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Central Banks European Central Bank

  • ECB's Supervisory Role Most Immediate Need

    Timothy Riddell, Head of Global Markets Research for Asia at ANZ, says it is important that Europe needs a region-wide banking supervisory body before the changes to the ESM are allowed.

  • NYSE trader

    The beach may be beckoning this Fourth of July week but traders are going to want to be at their desks for the start of the third quarter, with the jobs report, an ECB rate decision—and more.

  • European Central Bank

    With the European Union summit behind us, investors are focusing on what the European Central Bank will do next.

  • From EU to ECB

    Discussing whether you should buy the euro into next week's ECB meeting, with CNBC's Melissa Lee and the Money in Motion traders. Featuring Richard Ross, global technical analyst, Auerbach Grayson.

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    The euro is having a big day on the heels of the summit agreement - but this strategist is wary.

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    Summit progress lifts the euro and the Bank of England talks tough — it's time for your FX Fix.

  • Spain

    Euro zone leaders agreed to radically restructure Spain’s 100 bilion euros ($125.9 billion) bank recapitalisation plan, allowing EU bailout funds to eventually be injected directly into teetering Spanish financial institutions, meaning Madrid can sweep the burden of the bailouts off its sovereign books.

  • EU Debt Deal Only Making Problems Worse: Jim Rogers

    Jim Rogers, Chairman of Rogers Holdings says the latest euro zone deal does nothing to help solve the region's biggest problem, which is its high debt levels.

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    With serious talks underway in some countries about the merits of staying in the euro, this strategist says it may be time to price in a possible breakup.

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    Expectations for the European Union summit are low, but this strategist says the euro could still disappoint.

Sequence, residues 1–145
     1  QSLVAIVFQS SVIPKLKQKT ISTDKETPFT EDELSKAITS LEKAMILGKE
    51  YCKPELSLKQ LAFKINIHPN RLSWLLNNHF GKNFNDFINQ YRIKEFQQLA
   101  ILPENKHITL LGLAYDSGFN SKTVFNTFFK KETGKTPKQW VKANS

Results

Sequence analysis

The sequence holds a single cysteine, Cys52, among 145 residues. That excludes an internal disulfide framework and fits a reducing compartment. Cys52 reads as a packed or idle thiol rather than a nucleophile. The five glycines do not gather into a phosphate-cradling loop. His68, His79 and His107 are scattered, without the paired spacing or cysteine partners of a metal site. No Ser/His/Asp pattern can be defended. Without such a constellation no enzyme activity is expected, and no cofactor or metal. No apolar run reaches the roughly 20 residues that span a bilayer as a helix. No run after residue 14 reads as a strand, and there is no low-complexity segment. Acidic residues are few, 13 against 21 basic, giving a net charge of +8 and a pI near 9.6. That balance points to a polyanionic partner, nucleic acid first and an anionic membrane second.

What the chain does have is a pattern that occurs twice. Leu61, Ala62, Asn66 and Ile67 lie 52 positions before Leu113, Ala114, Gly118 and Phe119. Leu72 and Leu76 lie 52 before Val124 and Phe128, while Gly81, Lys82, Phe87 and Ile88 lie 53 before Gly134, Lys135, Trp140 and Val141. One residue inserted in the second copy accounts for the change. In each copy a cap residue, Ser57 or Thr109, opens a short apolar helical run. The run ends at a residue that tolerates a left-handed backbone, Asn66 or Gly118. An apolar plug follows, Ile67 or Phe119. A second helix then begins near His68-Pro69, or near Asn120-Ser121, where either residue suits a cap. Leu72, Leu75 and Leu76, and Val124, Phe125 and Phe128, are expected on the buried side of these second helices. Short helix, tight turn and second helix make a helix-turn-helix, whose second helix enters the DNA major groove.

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    The euro steadies ahead of the summit and the British go shopping - it's time for your FX Fix.

  • European Union Flag

    Euro zone policymakers have a small window of opportunity to save the disintegrating bloc and an orderly Greece exit could save the currency union from total collapse, Gina Sanchez, Director of Equity and Asset Allocation Strategy at Roubini Global Economics told CNBC Wednesday.

  • A Spanish national flag flies beneath the Kio towers, the headquarters of Bankia SA in Madrid, Spain.

    As Spain edged closer to a real estate and banking crisis that led to its recent bank bailout, Spanish financial leaders in influential positions mostly played down concerns that something might go terribly wrong, the New York Times reports.

  • Bank Bailouts Are 'Forever': Economist

    Garett Jones, Senior Scholar at George Mason University, Mercatus Center says that bank bailouts are constant diet for rich countries and that they are here to stay.

  • Global Markets Update: Warning Signals from Bond Markets

    CNBC's Kelly Evans reports on all the market moving events from Europe, including a look at Spain's short-term debt auction of 3.08 billion euros, paying the highest rate since November.

  • The Fed's Next Move

    Discussing the Fed's announcement to extend Operation Twist, with Richard Fisher, Dallas Federal Reserve president.

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    The European Union would gain far-reaching powers to rewrite national budgets for eurozone countries that breach debt and deficit rules under proposals likely to be discussed at a summit this week, according to a draft report seen by the Financial Times.

  • Spain Asking for Bailout From Banks

    Spain is shaking the markets as it formally asks for a bailout. Amelia Bourdeau of Westpac Institutional Bank, shares strategies to playing the euro now.

  • Danger In Safe Havens?

    Uncertainty still lingers in Europe and investors are fleeing to safe havens like gold and Treasurys. James Paulsen of Wells Capital Management, explains why he doesn't think this is a good strategy.

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    On behalf of the world's largest central banks, the Bank for International Settlements wrote in its annual report that they do not have sufficient resources to cope with the euro zone crisis, the New York Times reports.